Nimetz told reporters that the Greek foreign minister presented his government's "positions and actions" and that they exchanged views on the name issue.
To another question, the UN envoy stressed that the dialogue between the Greek and FYROM prime ministers and relations between the two countries are at a different level now that what they were a few years ago, but stressed that "now is not the time for final proposals".
 Biodiversity and energy issues dominate dep. foreign minister's contacts at UNNEW YORK (ANA-MPA - P. Panagiotou)
Deputy Foreign Minister Spyros Kouvelis on Tuesday outlined Greece's positions on issues of biodiversity and vital areas of environmental policy, energy policy and economic cooperation during a series of meetings and discussions held at the United Nations as part of the Summit on the Millenium Development Goals 2010.
Kouvelis underlined the need for immediate measures to protect biodiversity on the planet and Greece's concern over the huge pressures on European ecosystems. He stressed that Greece has a unique and rare ecosystem, especially in Europe, that must be protected.
With Greece chairing the Black Sea Economic Cooperation (BSEC) organisation, Kouvelis will on Tuesday present the goals and priorities of the Greek chair, pivoting especially on green growth, during a dinner given by Greece. This will also be attended by Greek Foreign Minister Dimitris Droutsas and several BSEC member-states will be represented by their foreign minister.
A main goal of the Greek chair is to lay the foundations for adopting a joint framework of action at the Thessaloniki Forum on November 26 and chiefly at the UN Climate Change Conference in Cancun, Mexico in December so that BSEC countries adopt a shared course on dealing with exceptionallly important global issues, such as climate change.
Also on the deputy minister's schedule on Tuesday is a meeting with U.S. Special Envoy for Eurasian Energy Richard Morningstar.
On Monday Kouvelis met with Russian Deputy Foreign Minister Alexander Yakovenko and held talks on cooperation in the energy sector, especially in energy conservation and promoting renewable energy sources, and exchange of knowhow between scientific bodies.
The minister took part in a high-level meeting held on Monday at the Natural History Museum in Manhattan on "Biodiversity, Ecosystems and Climate Change: Local solutions for achieving the Millenium Goals" and will represent Greece at another high-level meeting on biodiversity at the United Nations on Wednesday.
 Gov' t: '̀emorandum extension out of the question'Extension of the memorandum after 2013 is out of the question. We have specific targets that we observe strictly. No new memorandum is on the way, government spokesman Giorgos Petalotis stressed on Tuesday in response to repeated press questions.
He also underlining that "our goal is to be in the international (borrowing) markets as soon as possible, even before the memorandum ends."
He pointed out that Tuesday's T-bill auction went "extremely well", yielding 3.98 pct and was 6.25 times oversubscribed -- compared to 3.85 pct in the previous auction. He also stressed that it was worth noting that 72 pct of the investors were foreign, "which means that our country's credibility is regained step-by-step."
Responding to a question on whether there is a change in the government policy, Petalotis stated that the government meets all the goals it has set to get the country out of the crisis.
On the occasion of a relevant reference made by PM George Papandreou at the New York Stock Exchange, Petalotis said "we are determined to utilise the state-owned real estate ... past dysfunctions will cease."
On the liberalisation of the road freight market, Petalotis underlined that the government is determined to have the relevant legislation passed because it guarantees social justice. He also said the government engaged in exhaustive dialogue with truck owners, adding that despite their protests, traffic and market supplies are adequate.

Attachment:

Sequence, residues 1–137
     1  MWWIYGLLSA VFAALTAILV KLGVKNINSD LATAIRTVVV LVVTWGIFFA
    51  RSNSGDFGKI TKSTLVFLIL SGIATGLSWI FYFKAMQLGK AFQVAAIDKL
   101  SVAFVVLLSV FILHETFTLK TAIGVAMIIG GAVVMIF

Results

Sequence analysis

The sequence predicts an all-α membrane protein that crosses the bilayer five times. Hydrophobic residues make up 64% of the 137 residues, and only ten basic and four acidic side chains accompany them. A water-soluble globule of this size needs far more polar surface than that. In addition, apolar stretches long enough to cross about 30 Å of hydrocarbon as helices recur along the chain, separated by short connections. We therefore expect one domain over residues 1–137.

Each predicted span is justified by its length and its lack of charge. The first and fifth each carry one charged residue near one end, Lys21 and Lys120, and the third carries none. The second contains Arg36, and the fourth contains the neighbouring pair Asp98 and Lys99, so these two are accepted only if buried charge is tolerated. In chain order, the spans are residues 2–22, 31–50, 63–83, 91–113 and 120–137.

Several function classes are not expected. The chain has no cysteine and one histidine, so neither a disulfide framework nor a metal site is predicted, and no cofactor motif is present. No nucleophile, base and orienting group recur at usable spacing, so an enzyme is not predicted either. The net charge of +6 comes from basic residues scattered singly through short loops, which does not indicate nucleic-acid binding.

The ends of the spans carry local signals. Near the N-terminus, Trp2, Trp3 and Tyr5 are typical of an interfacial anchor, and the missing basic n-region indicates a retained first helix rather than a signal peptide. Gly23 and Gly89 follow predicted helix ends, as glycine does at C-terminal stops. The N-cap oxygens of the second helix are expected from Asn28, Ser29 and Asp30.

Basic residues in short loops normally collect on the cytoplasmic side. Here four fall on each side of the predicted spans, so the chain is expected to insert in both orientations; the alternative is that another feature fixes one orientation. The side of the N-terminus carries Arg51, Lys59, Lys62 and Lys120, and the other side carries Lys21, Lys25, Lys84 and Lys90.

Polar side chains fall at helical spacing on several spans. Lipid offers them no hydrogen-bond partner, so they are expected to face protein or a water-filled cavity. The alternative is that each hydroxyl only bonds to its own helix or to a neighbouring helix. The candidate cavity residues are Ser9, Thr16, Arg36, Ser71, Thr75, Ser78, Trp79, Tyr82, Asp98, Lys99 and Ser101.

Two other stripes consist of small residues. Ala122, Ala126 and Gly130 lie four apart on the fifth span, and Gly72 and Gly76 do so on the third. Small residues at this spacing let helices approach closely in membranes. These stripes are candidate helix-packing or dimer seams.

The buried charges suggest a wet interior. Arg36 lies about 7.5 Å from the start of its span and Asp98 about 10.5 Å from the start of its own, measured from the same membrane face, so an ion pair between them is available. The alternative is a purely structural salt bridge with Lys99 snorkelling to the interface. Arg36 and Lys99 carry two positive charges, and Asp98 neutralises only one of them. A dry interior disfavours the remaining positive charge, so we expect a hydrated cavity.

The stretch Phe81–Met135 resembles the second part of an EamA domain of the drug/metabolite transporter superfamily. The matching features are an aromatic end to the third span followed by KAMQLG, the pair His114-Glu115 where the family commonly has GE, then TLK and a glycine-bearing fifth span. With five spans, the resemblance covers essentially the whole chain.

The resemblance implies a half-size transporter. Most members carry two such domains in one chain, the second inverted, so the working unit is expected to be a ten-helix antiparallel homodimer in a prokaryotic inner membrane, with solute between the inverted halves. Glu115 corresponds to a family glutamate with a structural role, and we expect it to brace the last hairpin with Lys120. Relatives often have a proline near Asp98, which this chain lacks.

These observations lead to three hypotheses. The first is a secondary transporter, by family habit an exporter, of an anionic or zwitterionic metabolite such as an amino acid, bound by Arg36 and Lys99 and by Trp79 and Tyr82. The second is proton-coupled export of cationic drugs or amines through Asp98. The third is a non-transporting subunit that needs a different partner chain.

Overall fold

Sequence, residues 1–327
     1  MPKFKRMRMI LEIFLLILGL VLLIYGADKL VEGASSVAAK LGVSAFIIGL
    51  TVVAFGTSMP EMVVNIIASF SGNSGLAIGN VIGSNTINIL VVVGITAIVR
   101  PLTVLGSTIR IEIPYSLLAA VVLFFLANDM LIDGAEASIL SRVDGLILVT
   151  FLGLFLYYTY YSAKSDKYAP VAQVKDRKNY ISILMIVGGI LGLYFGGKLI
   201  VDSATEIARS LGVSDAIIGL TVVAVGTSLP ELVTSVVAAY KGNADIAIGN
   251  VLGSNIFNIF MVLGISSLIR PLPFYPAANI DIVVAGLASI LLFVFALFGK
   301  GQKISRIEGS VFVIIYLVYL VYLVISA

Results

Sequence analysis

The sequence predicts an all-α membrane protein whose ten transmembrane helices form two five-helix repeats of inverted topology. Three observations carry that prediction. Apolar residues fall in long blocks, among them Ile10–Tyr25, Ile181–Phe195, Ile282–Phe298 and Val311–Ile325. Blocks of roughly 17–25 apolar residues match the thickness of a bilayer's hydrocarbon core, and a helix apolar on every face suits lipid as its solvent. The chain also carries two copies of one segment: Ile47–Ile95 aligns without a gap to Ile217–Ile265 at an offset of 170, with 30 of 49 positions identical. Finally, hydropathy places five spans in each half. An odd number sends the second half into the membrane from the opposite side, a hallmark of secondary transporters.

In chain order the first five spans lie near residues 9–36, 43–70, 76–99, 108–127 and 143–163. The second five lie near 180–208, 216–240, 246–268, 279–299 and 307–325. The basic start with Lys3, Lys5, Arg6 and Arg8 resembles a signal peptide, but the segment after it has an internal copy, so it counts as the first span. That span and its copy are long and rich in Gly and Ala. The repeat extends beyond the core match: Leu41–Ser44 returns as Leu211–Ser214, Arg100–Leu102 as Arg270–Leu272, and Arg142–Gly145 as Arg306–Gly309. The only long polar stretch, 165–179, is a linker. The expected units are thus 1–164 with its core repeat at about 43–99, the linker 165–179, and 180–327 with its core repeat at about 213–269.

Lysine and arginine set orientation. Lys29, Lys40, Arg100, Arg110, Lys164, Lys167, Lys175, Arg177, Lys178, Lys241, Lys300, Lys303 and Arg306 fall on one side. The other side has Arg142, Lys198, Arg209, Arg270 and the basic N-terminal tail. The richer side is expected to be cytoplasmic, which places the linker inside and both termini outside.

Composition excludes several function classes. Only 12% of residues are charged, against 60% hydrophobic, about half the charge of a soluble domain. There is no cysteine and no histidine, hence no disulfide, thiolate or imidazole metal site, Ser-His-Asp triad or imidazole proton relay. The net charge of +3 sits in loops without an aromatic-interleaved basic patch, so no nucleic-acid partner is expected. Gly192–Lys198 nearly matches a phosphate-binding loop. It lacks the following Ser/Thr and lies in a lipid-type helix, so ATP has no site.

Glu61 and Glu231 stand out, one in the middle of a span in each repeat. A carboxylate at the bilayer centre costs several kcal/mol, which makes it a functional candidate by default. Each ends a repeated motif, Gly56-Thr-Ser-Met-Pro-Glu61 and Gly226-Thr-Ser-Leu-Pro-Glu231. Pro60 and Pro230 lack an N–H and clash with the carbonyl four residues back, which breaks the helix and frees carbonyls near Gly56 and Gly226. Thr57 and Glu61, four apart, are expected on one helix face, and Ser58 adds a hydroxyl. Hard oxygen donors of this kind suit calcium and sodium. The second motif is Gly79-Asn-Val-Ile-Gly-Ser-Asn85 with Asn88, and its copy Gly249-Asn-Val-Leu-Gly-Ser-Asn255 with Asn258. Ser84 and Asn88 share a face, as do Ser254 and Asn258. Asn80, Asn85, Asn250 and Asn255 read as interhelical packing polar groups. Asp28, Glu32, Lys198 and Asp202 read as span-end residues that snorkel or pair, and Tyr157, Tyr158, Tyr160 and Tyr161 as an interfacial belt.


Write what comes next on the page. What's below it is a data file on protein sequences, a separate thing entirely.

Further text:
Gov't vice-president unveils bill for downsizing public sectorGovernment Vice-President Theodoros Pangalos on Tuesday briefed the appropriate Parliamentary committee on an upcoming draft bill that he said would be a first step toward tidying up public-sector finances, through the merger and abolition of several state agencies. The bill is due to be tabled in Parliament soon by the interior ministry.
"The answer to the public's outcry over 'where did the money go' is that 'we were appointing you to the public sector all these years'," Pangalos told MPs.
The government vice-president stressed the government was determined to continue the effort to "trim the fat" and cut down public-sector running costs, announcing that a second package of cost-cutting measures was on the way.
"We are all responsible for the enlargement of the public sector, even the small parties of the Left that have not been in government but follow the same practices within the local authorities they control," Pangalos added.
Interior Minister Yiannis Ragoussis, who is responsible for the draft bill, confirmed that this was a first phase and that the government committee will continue its work. He clarified that the second phase of abolitions and mergers will be carried out through a new bill and not based on the powers given under the present draft bill.
Concerning those working in the abolished or merged agencies, Ragoussis stressed that their jobs will be protected, with the exception of those hired at Agrogi, who had not been hired in accordance with proper procedure.
Main opposition New Democracy's former minister Prokopis Pavlopoulos agreed with the need to merge or abolish unnecessary state bodies but objected to the abolition of specific agencies, such as the Institute of Migration Policy, or the reasons given by the government for laying off 269 people working at Agrogi.
 Birbili meets Turkish counterpartANKARA (ANA-MPA/A. Arabatzis)
Environment, Energy and Climate Change Minister Tina Birbili met here on Tuesday with Energy and Natural Resources Minister Taner Y1ld1z.
Speaking to reporters, Birbili underlined the importance of bilateral cooperation in the sectors of energy, natural gas and Renewable Energy Sources (RES).